FFT readily admits it expected to hate Ted Lasso before seeing a single episode of it. American humour with a feel good, rom-com vibe set to a backdrop of Premier League football? Absolutely not...
And yet, with the finale of season 2 set to air this Friday, FFT couldn't be more excited. It's a brilliant show which, against all the odds, became an office favourite during its first season, and a weekly must-watch during its second.
(While there are no finale spoilers here, this article will touch on one or two of the story lines in Ted Lasso season 2 – you have been warned)
The season began with AFC Richmond languishing at the foot of the Championship, with Ted's team of triers struggling to break a worrying sequence of draws in their bid to return to the top flight. The talismanic but troubled Jamie Tartt has returned to Manchester City and captain Roy Kent retired (more on the latter's choice of career path later), leaving a big void in the dressing room.
What follows over the course of 12 episodes is a highly entertaining turnaround (it's a feel good show, after all), but one with enough unpredictability and curiosity to keep TV buffs on their toes. There are countless scenes in which you're sure characters are about to behave a certain way (score a goal, kiss, cry, scream at someone) and it almost never pans out that way. It's well written and keeps you guessing.
The second series does a great job of addressing some taboo issues around modern football, including mental health, unethical shirt sponsors and pushy parents. In one of the series' main plot lines, a psychologist is brought to the club to help Richmond's troubled striker, only to end up finding ways to help the entire team – not least Ted. These "on the couch" scenes tread the line between humour and sincerity expertly and Jason Sudeikis deserves plaudits for striking the balance just right in Ted's (apprehension of and desperate need for) therapy.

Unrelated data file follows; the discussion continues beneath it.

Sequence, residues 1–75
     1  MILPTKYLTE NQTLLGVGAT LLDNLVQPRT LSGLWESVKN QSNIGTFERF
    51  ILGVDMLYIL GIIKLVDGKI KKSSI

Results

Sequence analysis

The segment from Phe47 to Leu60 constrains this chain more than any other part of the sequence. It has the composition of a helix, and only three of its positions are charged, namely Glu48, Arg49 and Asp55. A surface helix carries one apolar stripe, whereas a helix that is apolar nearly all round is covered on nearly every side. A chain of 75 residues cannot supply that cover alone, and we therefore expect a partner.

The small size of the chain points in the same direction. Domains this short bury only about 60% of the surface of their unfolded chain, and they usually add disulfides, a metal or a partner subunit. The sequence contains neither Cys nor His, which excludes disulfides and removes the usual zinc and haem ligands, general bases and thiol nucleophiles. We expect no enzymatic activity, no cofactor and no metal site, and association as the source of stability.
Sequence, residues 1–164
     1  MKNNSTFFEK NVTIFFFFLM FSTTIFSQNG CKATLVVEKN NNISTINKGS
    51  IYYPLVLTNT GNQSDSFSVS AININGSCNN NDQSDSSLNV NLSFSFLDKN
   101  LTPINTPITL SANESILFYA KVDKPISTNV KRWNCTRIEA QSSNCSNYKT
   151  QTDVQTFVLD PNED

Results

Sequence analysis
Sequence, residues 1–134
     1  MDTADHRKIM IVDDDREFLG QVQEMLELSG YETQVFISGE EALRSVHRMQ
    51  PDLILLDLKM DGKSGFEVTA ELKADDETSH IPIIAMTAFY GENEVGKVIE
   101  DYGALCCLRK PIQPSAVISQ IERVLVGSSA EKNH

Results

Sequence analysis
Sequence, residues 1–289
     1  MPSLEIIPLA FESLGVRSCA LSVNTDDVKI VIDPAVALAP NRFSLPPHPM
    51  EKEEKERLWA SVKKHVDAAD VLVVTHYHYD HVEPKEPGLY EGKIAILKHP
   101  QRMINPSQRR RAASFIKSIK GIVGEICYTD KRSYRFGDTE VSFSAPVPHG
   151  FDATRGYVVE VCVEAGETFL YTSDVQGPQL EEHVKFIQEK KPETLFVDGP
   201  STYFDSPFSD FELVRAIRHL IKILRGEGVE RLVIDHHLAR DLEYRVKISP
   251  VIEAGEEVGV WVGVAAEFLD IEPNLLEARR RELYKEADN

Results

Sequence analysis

There's clearly a much bigger budget this time around, with Wembley Stadium, Gary Lineker, Thierry Henry, Jeff Stelling and other beloved footballing institutions used to fun and hilarious effect throughout the series. The in-game scenes (which, let's face it, are never perfect when performed by actors) are solid enough, and there is enough talk of false nines and offside traps to maintain an interest for those that prefer the football bits to the romance bits.
Some of the very best scenes in series 2 revolve around Roy Kent's decision to join Soccer Saturday as a pundit after hanging up his boots. The Roy Keane-rip off is surly and short-tempered but easily the most watchable and informative member of the panel (often like the real man).
There are some strange episodes – not least Coach Beard's bizarre drunken caper through London's lamplit backstreets – but everything comes together in typically entertaining fashion by the final episode, which contains a heart-wrenching twist. Give it a watch and, like us, you'll be hoping a third season lands quicker than a Roy Kent C-bomb live on air.
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